During the recent Iraq War, President Bush exclaimed:
“We promised this would not be another Vietnam. And we kept that promise. The specter of Vietnam has been buried forever in the desert sands of the [Gulf].”
This panel of distinguished historians and veterans will explore:
Christian Appy is professor of history at the University of Massachusetts. He is the author of three books about the American War in Vietnam: American Reckoning: The Vietnam War and Our National Identity (Viking, 2015); Patriots: The Vietnam War Remembered From All Sides (Viking, 2003), and Working-Class War: American Combat Soldiers and Vietnam (University of North Carolina Press, 1993). Patriots won the Massachusetts Book Award for Non-Fiction in 2004. Appy also edits a book series for the University of Massachusetts Press called “Culture, Politics, and the Cold War.” The series now has more than thirty titles, including Appy’s own edited collection, Cold War Constructions: The Political Culture of United States Imperialism, 1945-1966 (2001).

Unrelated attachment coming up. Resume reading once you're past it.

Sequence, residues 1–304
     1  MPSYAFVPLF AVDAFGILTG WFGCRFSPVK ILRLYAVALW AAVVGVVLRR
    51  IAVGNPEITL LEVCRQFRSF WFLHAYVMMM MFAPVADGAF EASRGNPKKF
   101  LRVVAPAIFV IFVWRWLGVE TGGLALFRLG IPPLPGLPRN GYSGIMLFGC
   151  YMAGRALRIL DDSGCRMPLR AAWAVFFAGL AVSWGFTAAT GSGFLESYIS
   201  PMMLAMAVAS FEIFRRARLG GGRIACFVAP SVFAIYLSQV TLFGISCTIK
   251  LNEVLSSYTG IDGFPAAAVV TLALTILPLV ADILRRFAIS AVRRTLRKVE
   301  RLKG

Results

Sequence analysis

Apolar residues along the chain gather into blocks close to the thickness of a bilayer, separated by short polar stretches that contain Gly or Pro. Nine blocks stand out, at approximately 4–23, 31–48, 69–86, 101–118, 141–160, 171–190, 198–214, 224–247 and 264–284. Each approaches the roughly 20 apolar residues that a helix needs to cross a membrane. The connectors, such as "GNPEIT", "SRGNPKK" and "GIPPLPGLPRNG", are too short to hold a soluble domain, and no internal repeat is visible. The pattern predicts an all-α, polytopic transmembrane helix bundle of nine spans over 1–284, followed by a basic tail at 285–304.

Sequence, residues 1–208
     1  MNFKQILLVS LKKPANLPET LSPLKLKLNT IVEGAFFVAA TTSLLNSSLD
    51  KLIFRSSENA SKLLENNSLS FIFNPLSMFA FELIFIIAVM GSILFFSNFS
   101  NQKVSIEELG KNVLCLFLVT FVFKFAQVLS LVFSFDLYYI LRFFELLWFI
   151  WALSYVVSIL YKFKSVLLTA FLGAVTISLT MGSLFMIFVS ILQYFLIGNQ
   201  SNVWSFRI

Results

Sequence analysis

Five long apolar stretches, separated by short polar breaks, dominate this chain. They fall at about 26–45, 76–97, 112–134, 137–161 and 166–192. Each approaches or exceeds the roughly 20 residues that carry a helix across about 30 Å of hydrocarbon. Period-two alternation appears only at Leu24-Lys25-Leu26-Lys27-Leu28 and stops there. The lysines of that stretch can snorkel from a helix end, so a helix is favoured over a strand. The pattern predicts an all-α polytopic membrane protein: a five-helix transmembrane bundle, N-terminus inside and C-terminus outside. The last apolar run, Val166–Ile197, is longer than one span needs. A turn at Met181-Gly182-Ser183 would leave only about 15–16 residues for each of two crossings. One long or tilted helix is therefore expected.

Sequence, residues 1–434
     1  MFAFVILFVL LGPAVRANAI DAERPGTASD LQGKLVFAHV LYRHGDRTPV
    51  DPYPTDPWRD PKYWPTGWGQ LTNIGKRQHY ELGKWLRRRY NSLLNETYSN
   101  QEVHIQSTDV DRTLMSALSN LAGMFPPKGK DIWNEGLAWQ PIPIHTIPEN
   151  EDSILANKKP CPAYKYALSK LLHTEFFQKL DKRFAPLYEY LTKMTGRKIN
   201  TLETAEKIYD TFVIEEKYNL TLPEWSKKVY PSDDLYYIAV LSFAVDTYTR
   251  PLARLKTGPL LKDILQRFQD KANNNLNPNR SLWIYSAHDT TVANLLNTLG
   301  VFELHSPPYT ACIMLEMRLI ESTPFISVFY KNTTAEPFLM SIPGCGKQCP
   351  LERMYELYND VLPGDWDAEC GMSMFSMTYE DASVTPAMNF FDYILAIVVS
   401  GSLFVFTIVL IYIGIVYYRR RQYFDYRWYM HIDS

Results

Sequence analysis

Lien-Hang Nguyen is an associate professor of history at the University of Kentucky and the author of Hanoi’s War: An International History of the War for Peace in Vietnam, which won the Society for Military History (SMH) Edward M. Coffman Prize, the Society for Historians of American Foreign Relations (SHAFR) Stuart L. Bernath Prize, and was a finalist for the Berkshire Conference of Women Historians First Book Prize, and earned her an invitation to participate in the 2012 Library of Congress National Book Festival. She is also is the General Editor of the forthcoming Cambridge History of the Vietnam War (3 vols.) and she and Professor Paul T. Chamberlin are the Co-Editors of the “Cambridge Studies in U.S. Foreign Relations” Series.Part of the Changing Nature of War and Peace initiative.